Country – Currency

Foreign Currency to $1.00

AFGHANISTAN – AFGHANI

74.576

ALBANIA – LEK

107.05

ALGERIA – DINAR

117.898

ANGOLA – KWANZA

310.0000

ANTIGUA – BARBUDA – E. CARIBBEAN DOLLAR

2.7000

ARGENTINA – PESO

37.642

ARMENIA – DRAM

485.0000

AUSTRALIA – DOLLAR

1.4160

AUSTRIA – EURO

0.8720

AZERBAIJAN – NEW MANAT

1.7000

BAHAMAS – DOLLAR

1.0000

BAHRAIN – DINAR

0.3770

BANGLADESH – TAKA

84.0000

BARBADOS – DOLLAR

2.0200

BELARUS – NEW RUBLE

2.1600

BELGIUM – EURO

0.8720

BELIZE – DOLLAR

2.0000

BENIN – CFA FRANC

568.6500

BERMUDA – DOLLAR

1.0000

BOLIVIA – BOLIVIANO

6.8500

BOSNIA – MARKA

1.7060

BOTSWANA – PULA

10.6610

BRAZIL – REAL

3.8800

BRUNEI – DOLLAR

1.3610

BULGARIA – LEV

1.7070

BURKINA FASO – CFA FRANC

568.6500

BURUNDI – FRANC

1790.0000

CAMBODIA (KHMER) – RIEL

4103.0000

CAMEROON – CFA FRANC

603.8700

CANADA – DOLLAR

1.3620

CAPE VERDE – ESCUDO

94.8800

CAYMAN ISLANDS – DOLLAR

0.8200

CENTRAL AFRICAN REPUBLIC – CFA FRANC

603.8700

CHAD – CFA FRANC

603.8700

CHILE – PESO

693.0800

CHINA – RENMINBI

6.8760

COLOMBIA – PESO

3245.8000

COMOROS – FRANC

428.1400

CONGO, DEM. REP – CONGOLESE FRANC

1630.0000

COSTA RICA – COLON

603.5000

COTE D’IVOIRE – CFA FRANC

568.6500

CROATIA – KUNA

6.3100

CUBA – PESO

1.0000

CYPRUS – EURO

0.8720

CZECH REPUBLIC – KORUNA

21.9410

DENMARK – KRONE

6.5170

DJIBOUTI – FRANC

177.0000

DOMINICAN REPUBLIC – PESO

49.9400

ECUADOR – DOLARES

1.0000

EGYPT – POUND

17.8900

EL SALVADOR – DOLARES

1.0000

EQUATORIAL GUINEA – CFA FRANC

603.8700

ERITREA – NAKFA

15.0000

ESTONIA – EURO

0.8720

ETHIOPIA – BIRR

28.0400

EURO ZONE – EURO

0.8720

FIJI – DOLLAR

2.1080

FINLAND – EURO

0.8720

FRANCE – EURO

0.8720

GABON – CFA FRANC

603.8700

GAMBIA – DALASI

50.0000

GEORGIA – LARI

2.6700

GERMANY – EURO

0.8720

GHANA – CEDI

4.8250

GREECE – EURO

0.8720

GRENADA – EAST CARIBBEAN DOLLAR

2.7000

GUATEMALA – QUENTZAL

7.7150

GUINEA – FRANC

9076.0000

GUINEA BISSAU – CFA FRANC

568.6500

GUYANA – DOLLAR

215.0000

HAITI – GOURDE

77.1180

HONDURAS – LEMPIRA

25.0000

HONG KONG – DOLLAR

7.8320

HUNGARY – FORINT

280.1700

ICELAND – KRONA

116.1100

INDIA – RUPEE

69.8000

INDONESIA – RUPIAH

14440.0000

IRAN – RIAL

42000.0000

IRAQ – DINAR

1138.0000

IRELAND – EURO

0.8720

ISRAEL – SHEKEL

3.7490

ITALY – EURO

0.8720

JAMAICA – DOLLAR

126.0000

JAPAN – YEN

109.8500

JERUSALEM – SHEKEL

3.7490

JORDAN – DINAR

0.7080

KAZAKHSTAN – TENGE

375.1500

KENYA – SHILLING

101.8000

KOREA – WON

1114.4900

KOSOVO – EURO

0.8720

KUWAIT – DINAR

0.3030

KYRGYZSTAN – SOM

69.8000

LAOS – KIP

8535.0000

LATVIA – EURO

0.8720

LEBANON – POUND

1500.0000

LESOTHO – SOUTH AFRICAN RAND

14.3500

LIBERIA – DOLLAR

156.7100

LIBYA – DINAR

1.3860

LITHUANIA – EURO

0.8720

LUXEMBOURG – EURO

0.8720

MACAO – MOP

no listing

MACEDONIA FYROM – DENAR

53.5000

MADAGASCAR – ARIARY

3470.2000

MALAWI – KWACHA

733.0000

MALAYSIA – RINGGIT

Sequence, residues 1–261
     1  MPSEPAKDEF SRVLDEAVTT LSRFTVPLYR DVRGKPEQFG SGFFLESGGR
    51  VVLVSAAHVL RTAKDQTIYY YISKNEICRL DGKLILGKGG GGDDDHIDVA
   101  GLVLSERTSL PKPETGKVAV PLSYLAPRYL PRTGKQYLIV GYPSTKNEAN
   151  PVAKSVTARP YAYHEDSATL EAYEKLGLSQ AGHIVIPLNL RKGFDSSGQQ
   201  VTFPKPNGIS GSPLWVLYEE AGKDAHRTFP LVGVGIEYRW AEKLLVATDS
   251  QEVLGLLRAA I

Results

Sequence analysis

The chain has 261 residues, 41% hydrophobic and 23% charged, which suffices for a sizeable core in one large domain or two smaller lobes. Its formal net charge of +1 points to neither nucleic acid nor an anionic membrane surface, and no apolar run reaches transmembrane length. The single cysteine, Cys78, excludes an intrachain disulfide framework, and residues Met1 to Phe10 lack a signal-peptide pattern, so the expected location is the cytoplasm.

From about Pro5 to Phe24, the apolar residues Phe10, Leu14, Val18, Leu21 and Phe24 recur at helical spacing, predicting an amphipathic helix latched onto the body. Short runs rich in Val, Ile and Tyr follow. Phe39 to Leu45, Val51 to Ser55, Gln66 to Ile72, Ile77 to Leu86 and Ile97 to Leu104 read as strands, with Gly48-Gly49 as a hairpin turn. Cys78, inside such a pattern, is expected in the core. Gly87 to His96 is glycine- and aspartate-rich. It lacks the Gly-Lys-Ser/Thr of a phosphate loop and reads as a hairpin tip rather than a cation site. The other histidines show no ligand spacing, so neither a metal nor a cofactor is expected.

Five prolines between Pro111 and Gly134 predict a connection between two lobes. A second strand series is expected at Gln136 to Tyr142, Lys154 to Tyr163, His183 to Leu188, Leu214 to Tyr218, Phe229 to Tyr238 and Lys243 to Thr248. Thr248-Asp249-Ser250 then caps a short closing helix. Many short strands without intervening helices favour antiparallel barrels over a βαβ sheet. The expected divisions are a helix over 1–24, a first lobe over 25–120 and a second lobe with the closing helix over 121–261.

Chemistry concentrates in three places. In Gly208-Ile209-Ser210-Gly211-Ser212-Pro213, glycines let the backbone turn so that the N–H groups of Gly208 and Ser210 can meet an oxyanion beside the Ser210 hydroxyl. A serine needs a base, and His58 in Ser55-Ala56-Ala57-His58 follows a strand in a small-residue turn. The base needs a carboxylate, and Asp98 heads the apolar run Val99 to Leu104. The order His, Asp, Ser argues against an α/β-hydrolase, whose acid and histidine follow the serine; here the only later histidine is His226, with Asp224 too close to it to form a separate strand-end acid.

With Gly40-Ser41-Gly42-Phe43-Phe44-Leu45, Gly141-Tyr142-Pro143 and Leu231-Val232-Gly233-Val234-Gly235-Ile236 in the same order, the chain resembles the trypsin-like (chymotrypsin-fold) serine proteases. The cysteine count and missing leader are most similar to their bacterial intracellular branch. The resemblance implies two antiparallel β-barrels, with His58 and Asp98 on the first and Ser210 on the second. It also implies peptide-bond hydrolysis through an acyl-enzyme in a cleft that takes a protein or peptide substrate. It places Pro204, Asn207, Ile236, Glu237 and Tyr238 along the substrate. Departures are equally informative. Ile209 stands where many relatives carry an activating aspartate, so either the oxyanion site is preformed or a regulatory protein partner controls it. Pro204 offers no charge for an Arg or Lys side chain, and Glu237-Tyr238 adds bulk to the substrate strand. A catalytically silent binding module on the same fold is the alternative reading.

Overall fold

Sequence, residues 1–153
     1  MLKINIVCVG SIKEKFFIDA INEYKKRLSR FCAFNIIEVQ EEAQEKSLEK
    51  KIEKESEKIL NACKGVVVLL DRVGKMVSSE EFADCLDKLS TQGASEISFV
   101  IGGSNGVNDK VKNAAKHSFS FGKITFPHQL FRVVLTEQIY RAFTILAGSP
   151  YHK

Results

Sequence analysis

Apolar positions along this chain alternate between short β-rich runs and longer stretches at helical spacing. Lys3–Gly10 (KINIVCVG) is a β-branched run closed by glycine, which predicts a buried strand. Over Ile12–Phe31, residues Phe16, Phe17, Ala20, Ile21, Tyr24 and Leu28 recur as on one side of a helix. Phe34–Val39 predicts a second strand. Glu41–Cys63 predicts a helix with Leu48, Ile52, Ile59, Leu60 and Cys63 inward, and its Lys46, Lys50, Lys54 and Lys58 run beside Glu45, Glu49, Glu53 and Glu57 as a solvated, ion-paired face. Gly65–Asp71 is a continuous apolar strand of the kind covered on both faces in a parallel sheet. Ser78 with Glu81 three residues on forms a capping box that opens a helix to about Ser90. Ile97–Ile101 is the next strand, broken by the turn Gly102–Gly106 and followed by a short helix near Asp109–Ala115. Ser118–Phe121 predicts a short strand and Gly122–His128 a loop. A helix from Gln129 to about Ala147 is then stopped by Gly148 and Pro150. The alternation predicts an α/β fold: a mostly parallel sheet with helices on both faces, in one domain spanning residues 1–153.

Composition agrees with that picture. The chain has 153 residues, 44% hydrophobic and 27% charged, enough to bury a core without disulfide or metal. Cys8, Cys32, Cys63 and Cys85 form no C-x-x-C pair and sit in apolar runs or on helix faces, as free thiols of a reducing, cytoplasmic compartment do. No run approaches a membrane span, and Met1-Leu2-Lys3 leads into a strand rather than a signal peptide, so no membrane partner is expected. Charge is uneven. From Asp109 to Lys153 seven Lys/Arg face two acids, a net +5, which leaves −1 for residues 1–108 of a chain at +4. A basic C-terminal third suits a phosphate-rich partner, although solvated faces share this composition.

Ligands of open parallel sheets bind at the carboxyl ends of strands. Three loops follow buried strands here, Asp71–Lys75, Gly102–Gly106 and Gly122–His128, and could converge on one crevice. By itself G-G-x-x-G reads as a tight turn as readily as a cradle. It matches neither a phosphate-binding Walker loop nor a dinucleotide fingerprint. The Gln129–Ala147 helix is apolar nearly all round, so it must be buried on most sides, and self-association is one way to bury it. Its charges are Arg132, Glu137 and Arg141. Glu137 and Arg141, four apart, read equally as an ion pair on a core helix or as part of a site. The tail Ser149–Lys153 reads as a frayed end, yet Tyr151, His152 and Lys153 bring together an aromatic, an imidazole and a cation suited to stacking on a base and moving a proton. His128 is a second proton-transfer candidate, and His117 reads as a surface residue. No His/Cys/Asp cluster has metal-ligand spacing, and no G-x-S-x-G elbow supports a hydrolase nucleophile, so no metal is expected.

4.1300

MALI – CFA FRANC

568.6500

MALTA – EURO

0.8720

MARSHALL ISLANDS – DOLLAR

1.0000

MARTINIQUE – EURO

0.8720

MAURITANIA – OUGUIYA

36.0000

MAURITIUS – RUPEE

34.1500

MEXICO – PESO

19.6540

MICRONESIA – DOLLAR

1.0000

MOLDOVA – LEU

16.9930

MONGOLIA – TUGRIK

2642.9200

MONTENEGRO – EURO

0.8720

MOROCCO – DIRHAM

9.5300

MOZAMBIQUE – METICAL

61.5300

MYANMAR – KYAT

1535.0000

NAMIBIA – DOLLAR

14.3500

NEPAL – RUPEE

111.6000

NETHERLANDS – EURO

0.8720

NETHERLANDS ANTILLES – GUILDER

1.7800

NEW ZEALAND – DOLLAR

1.4900

NICARAGUA – CORDOBA

32.3000

NIGER – CFA FRANC

568.6500

NIGERIA – NAIRA

361.0000

NORWAY – KRONE

8.6800

OMAN – RIAL

0.3850

PAKISTAN – RUPEE

138.6000

PALAU – DOLLAR

1.0000

PANAMA – BALBOA

1.0000

PAPUA NEW GUINEA – KINA

3.2840

PARAGUAY – GUARANI

5956.0000

PERU – NUEVO SOL

3.3750

PHILIPPINES – PESO

52.4900

POLAND – ZLOTY

3.7530

PORTUGAL – EURO

0.8720

QATAR – RIYAL

3.6400

ROMANIA – NEW LEU

4.0690

RUSSIA – RUBLE

69.6800

RWANDA – FRANC

890.0000

SAO TOME & PRINCIPE – NEW DOBRAS

21.5350

SAO TOME & PRINCIPE – DOBRAS

20941.0080

SAUDI ARABIA – RIYAL

3.7500

SENEGAL – CFA FRANC

568.6500

SERBIA – DINAR

103.3900

SEYCHELLES – RUPEE

13.5500

SIERRA LEONE – LEONE

8620.0000

SINGAPORE – DOLLAR

1.3610

SLOVAK REPUBLIC – EURO

0.8720

SLOVENIA – EURO

0.8720

SOLOMON ISLANDS – DOLLAR

7.7520

SOMALI – SHILLING

575.0000

SOUTH AFRICA – RAND

14.3500

SOUTH SUDANESE – POUND

153.7000

SPAIN – EURO

0.8720

SRI LANKA – RUPEE

182.6000

ST LUCIA – EC DOLLAR

2.7000

SUDAN – SUDANESE POUND

47.0000

SURINAME – GUILDER

7.5200

SWAZILAND – LILANGENI

14.3500

SWEDEN – KRONA

8.9380

SWITZERLAND – FRANC

0.9840

SYRIA – POUND

515.0000

TAIWAN – DOLLAR

30.5880

TAJIKISTAN – SOMONI

9.3500

TANZANIA – SHILLING

2295.0000

THAILAND – BAHT

32.3500

TIMOR – LESTE DILI

1.0000

TOGO – CFA FRANC

568.6500

TONGA – PA’ANGA

2.1730

TRINIDAD & TOBAGO – DOLLAR

6.7700

TUNISIA – DINAR

3.0090

TURKEY – LIRA

5.2830

TURKMENISTAN – NEW MANAT

3.4910

UGANDA – SHILLING

3705.0000

UKRAINE – HRYVNIA

27.7000

UNITED ARAB EMIRATES – DIRHAM

3.6730

UNITED KINGDOM – POUND STERLING

0.7810

URUGUAY – PESO

32.3200

UZBEKISTAN – SOM

8310.0000

VANUATU – VATU

111.6900

VENEZUELA – BOLIVAR – SOBERANO

563.9800

VENEZUELA – BOLIVAR – FUERTE

248832.0000

VIETNAM – DONG

23190.0000

WESTERN SAMOA – TALA

2.5350

YEMEN – RIAL

480.0000

ZAMBIA – NEW KWACHA

11.9000

ZIMBABWE – DOLLAR

1.0000